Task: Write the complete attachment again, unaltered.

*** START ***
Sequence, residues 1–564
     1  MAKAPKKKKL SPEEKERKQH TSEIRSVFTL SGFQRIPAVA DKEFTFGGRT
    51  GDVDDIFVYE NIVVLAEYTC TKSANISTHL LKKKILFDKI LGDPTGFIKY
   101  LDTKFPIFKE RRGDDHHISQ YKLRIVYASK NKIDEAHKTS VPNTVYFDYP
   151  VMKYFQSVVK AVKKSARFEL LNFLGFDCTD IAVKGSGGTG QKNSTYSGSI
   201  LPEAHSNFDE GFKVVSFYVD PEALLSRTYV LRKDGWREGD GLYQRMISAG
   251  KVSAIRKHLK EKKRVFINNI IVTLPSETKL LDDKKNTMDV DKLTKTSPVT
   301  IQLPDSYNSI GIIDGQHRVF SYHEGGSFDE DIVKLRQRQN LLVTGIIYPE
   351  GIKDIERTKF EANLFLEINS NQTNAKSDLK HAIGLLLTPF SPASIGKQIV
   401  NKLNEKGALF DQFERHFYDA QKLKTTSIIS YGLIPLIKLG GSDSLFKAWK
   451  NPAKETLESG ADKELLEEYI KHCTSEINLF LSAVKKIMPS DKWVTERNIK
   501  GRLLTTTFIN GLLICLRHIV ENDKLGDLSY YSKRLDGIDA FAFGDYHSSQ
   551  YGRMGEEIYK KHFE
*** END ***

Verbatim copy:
Sequence, residues 1–564
     1  MAKAPKKKKL SPEEKERKQH TSEIRSVFTL SGFQRIPAVA DKEFTFGGRT
    51  GDVDDIFVYE NIVVLAEYTC TKSANISTHL LKKKILFDKI LGDPTGFIKY
   101  LDTKFPIFKE RRGDDHHISQ YKLRIVYASK NKIDEAHKTS VPNTVYFDYP
   151  VMKYFQSVVK AVKKSARFEL LNFLGFDCTD IAVKGSGGTG QKNSTYSGSI
   201  LPEAHSNFDE GFKVVSFYVD PEALLSRTYV LRKDGWREGD GLYQRMISAG
   251  KVSAIRKHLK EKKRVFINNI IVTLPSETKL LDDKKNTMDV DKLTKTSPVT
   301  IQLPDSYNSI GIIDGQHRVF SYHEGGSFDE DIVKLRQRQN LLVTGIIYPE
   351  GIKDIERTKF EANLFLEINS NQTNAKSDLK HAIGLLLTPF SPASIGKQIV
   401  NKLNEKGALF DQFERHFYDA QKLKTTSIIS YGLIPLIKLG GSDSLFKAWK
   451  NPAKETLESG ADKELLEEYI KHCTSEINLF LSAVKKIMPS DKWVTERNIK
   501  GRLLTTTFIN GLLICLRHIV ENDKLGDLSY YSKRLDGIDA FAFGDYHSSQ
   551  YGRMGEEIYK KHFE